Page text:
Compared to the first game, The Firemen 2's sprite work is sort of bland and dull, but still totally serviceable, and it's also kind of needlessly text-heavy, which will especially be a slog if you don't speak Japanese. It's still a totally worthwhile adventure.
Forget Me Not was originally a home-made game designed by a hobbyist on a version of RPG Maker. It won a development prize and was remade for the PSX as Forget Me Not: Pallete.
This is a beautiful game in terms of art direction, the top-down perspective and small and but well-made sprites lure you into a nostalgic atmosphere. The game revolves around an amnesiac woman and the psychiatrist who is helping her recover her memories. The game has two modes: in the first you explore and interact with the setting, and in the second you shift into a sort of "astral projection" where you interact with objects to open new paths and recover memories.
Presentation is neat and distinctive, as the character move in small, closed rooms and hallways engulfed by darkness, but by opening new pathways you can help fill up the void, mimicking the protagonist's process of remembrance. It was also a clear and obvious influence on the similarly haunting Yume Nikki.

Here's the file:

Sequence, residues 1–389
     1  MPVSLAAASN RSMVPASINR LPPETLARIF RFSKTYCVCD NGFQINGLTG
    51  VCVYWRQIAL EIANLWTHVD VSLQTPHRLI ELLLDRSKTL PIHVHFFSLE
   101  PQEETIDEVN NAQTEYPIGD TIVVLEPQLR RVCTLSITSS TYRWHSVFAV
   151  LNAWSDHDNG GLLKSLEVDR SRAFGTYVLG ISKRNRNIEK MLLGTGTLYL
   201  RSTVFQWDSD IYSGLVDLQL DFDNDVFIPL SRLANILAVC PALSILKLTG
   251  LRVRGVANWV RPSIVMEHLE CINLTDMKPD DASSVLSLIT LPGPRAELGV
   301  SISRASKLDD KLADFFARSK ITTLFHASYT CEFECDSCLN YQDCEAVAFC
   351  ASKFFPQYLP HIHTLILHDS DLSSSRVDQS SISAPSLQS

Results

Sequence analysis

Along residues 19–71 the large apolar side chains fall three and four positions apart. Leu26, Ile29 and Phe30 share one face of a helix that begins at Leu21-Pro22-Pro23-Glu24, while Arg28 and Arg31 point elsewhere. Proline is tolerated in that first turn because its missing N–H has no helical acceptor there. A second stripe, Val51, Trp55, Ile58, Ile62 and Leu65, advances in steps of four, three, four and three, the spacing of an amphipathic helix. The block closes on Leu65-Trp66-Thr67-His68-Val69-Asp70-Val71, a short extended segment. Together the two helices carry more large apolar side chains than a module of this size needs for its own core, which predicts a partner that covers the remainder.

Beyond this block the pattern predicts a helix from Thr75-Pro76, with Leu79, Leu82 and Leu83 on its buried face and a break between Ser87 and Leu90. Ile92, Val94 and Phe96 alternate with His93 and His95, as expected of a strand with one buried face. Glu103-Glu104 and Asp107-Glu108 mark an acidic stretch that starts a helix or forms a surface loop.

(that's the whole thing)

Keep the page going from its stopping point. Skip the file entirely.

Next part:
Sadly it was only released in Japan and knowledge of the language is essential to enjoy the game and progress. Hopefully it will get a translation someday.
This was a seriously unique game that tried to combine racing games with RPGs. It puts you in the shoes of a Japanese street racer over the course of ten nights in the city. Each night you can drive around challenging other drifters to street races (the game's version of random encounters), and if you win you get to take a part of their car to customize your own. You can end a night by going to an obligatory Climax Encounter and challenging a sort of boss, which you must win against to progress.